Tuesday, January 3, 2012
The year that was in Total QBR
2011 was truly the year of the quarterback.
Three players threw for over 5,000 yards, with Drew Brees leading the way with a record-breaking 5,476 and Tom Brady and Matthew Stafford following behind after only two quarterbacks in history had done it before.
Though these quarterbacks were all successful, 2011 also showed that yards aren't necessarily what leads to wins. The 15-1 Green Bay Packers allowed more yards than they gained. Teams that won the yardage battle only won 65 percent of their games. Because yards can be undone by turnovers and can also be generated in meaningless situations, 2011 was the year that we introduced Total QBR to improve the statistical evaluation of quarterbacks and tell better stories.
What follows are snapshots of only a few of the many stories from the season. ESPN bloggers have done numerous stories this year and we will do a season wrap up in the lead up to the Super Bowl.
The Importance of the QB to Winning
Total QBR can be used to quantify just how important the quarterback position has become to winning in the NFL. In 2011, the team with the higher Total QBR in the game went 223-33 (.871 win pct), including 63-1 over the last 4 weeks.
Who Should Be MVP?
It looked like Aaron Rodgers had wrapped up the NFL MVP race just a few weeks ago, but that was before the Packers lost their undefeated record and Matt Flynn lit up the Lions while Rodgers sat out in Week 17.
Not only that, but Drew Brees has made the MVP conversation a legitimate debate with excellent play down the stretch, posting a ridiculous 91.7 Total QBR over the last eight weeks of the season to close the gap in the season rankings.
Brees still finished behind Rodgers in Total QBR for the season, but both quarterbacks' ratings are 1-2 among all qualifying QB seasons since 2008. For some perspective, Tom Brady led the NFL in 2010 with a 75.8 Total QBR, a full eight points behind both Rodgers and Brees this season, on his way to winning a unanimous NFL MVP award.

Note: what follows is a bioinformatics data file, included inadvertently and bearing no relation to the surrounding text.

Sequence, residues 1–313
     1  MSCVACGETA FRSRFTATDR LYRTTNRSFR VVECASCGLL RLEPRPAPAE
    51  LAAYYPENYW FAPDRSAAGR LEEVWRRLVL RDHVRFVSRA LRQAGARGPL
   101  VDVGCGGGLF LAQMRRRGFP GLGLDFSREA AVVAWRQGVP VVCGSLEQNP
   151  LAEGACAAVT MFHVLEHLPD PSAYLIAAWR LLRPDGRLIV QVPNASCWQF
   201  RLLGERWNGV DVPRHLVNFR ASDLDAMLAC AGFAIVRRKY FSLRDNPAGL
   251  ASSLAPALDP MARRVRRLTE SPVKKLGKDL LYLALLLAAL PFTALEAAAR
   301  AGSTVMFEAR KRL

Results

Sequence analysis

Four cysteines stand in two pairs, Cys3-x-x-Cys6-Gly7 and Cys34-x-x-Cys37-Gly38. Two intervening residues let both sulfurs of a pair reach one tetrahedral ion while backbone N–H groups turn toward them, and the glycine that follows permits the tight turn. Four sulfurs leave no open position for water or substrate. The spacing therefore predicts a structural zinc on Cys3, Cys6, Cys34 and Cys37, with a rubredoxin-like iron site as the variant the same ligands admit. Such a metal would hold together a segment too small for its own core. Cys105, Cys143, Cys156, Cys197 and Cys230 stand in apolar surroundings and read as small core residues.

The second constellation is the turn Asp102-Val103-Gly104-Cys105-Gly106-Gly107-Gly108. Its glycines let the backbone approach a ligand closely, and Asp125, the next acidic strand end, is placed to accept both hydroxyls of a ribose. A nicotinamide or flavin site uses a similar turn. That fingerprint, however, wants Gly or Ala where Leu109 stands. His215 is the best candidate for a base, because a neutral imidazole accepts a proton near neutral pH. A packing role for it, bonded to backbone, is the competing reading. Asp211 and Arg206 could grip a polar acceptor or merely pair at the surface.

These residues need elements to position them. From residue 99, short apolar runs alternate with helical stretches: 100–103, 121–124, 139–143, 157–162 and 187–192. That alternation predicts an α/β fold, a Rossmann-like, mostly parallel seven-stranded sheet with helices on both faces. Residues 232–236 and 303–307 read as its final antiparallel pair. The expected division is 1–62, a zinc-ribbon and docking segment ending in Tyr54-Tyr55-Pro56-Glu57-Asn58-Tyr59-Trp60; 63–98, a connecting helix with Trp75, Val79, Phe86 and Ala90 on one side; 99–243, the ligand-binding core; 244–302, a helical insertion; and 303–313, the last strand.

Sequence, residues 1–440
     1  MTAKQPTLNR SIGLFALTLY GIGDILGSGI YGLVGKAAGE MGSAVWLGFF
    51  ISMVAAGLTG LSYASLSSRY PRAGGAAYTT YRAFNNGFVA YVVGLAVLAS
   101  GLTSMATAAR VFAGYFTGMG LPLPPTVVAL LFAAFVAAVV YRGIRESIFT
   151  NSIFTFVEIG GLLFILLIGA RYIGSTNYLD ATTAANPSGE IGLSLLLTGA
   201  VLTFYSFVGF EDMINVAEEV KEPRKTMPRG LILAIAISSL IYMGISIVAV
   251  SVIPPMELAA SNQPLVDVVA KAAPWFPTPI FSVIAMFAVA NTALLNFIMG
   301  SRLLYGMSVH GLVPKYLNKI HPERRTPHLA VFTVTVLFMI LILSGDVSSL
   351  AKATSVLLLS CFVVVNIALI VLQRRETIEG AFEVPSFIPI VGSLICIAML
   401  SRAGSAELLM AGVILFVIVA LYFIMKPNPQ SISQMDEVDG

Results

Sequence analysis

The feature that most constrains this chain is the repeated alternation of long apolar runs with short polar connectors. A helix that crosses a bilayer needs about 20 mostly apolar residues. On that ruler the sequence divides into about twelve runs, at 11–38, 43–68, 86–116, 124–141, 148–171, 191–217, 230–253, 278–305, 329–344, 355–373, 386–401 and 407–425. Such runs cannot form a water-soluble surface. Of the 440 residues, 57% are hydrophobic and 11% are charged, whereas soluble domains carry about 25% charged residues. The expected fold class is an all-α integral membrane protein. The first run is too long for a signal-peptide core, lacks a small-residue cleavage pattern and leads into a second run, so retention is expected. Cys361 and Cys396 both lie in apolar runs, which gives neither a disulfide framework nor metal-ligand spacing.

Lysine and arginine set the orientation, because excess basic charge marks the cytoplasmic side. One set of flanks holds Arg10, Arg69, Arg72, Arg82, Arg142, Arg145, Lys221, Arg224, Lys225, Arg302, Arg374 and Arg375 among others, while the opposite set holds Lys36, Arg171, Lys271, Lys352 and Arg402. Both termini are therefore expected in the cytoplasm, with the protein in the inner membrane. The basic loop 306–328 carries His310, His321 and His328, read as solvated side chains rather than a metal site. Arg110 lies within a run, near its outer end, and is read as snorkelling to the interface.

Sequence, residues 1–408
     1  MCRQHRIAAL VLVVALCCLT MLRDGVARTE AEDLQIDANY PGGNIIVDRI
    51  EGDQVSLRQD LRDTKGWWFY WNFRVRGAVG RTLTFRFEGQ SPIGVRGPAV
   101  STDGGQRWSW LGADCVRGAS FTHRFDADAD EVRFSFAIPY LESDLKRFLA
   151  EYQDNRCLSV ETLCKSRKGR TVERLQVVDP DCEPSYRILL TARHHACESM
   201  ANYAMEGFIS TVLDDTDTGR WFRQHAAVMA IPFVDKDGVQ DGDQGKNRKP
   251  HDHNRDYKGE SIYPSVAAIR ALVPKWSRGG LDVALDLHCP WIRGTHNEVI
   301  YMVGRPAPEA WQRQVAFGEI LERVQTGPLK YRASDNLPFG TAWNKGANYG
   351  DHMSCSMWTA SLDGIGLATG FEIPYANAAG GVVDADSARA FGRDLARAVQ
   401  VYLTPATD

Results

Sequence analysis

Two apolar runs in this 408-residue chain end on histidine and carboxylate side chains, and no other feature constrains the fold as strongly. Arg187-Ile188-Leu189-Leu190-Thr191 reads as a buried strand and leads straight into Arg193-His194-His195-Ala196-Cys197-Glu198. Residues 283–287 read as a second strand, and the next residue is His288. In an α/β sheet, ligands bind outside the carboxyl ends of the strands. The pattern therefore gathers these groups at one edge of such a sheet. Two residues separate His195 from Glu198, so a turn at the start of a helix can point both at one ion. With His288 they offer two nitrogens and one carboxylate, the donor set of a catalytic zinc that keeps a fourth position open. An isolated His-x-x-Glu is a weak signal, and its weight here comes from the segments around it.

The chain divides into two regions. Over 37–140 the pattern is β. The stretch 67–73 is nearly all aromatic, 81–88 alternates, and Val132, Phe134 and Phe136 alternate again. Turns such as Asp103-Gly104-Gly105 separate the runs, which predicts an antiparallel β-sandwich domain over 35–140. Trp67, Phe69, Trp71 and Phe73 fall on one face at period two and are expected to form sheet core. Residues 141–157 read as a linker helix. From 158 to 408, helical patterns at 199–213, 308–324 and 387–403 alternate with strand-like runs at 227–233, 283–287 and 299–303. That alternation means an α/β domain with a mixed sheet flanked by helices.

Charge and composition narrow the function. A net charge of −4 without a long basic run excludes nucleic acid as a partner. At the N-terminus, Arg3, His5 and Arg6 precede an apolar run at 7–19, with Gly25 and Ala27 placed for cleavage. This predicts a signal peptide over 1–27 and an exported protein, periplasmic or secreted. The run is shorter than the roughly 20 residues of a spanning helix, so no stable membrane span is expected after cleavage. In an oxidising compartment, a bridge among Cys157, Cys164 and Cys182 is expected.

Rodgers even surpassed Brady’s 84.5 Total QBR from that record-setting 2007 season when the Patriots went 16-0, with Brees finishing just half a point behind that mark.
Tebowmania Heads to Playoffs
The 2011 season might also be remembered as the launching point for Tebowmania. It wasn’t just that Tim Tebow helped the Denver Broncos to a division title, but how he won some of the games.
However, Tebow’s performance wasn’t outstanding throughout entire games, as he finished the season with a Total QBR of 27.2, the third-worst among the 34 qualifying quarterbacks this season, ahead of only Curtis Painter and Blaine Gabbert.
Since 2008, the timeframe in which Total QBR has been tracked, Tebow’s regular season QBR is the lowest for any quarterback that started for a playoff team.
The previous lowest mark belonged to Mark Sanchez, with a 30.9 mark in 2009. Sanchez, however, had a 74.4 postseason QBR, taking the Jets to the AFC Championship.
Rookies Excel, Struggle
Cam Newton and Andy Dalton both played well in their rookie season. Newton finished in the top half of the league in QBR, helping justify his first-overall selection by the Carolina Panthers, while Dalton led the Cincinnati Bengals to an unpredicted playoff berth.
From 2008-10, the eight rookie quarterbacks who qualified had an average Total QBR of 38.6. Newton had a 56.6, while Dalton totaled a 47.3 this season.
Over the last four seasons, only one rookie quarterback had a better Total QBR than those two, Matt Ryan with a 72.6, when he led the Atlanta Falcons to an 11-5 record in 2008.
On the other end of the spectrum was Blaine Gabbert, who finished a rough rookie campaign with a 21.1 QBR, the worst among all qualifiers this season.
Over the last four seasons, it’s the fourth-lowest single-season Total QBR among qualifying passers. What’s worse is that Gabbert didn’t even post an average Total QBR (50) in any of his games this season.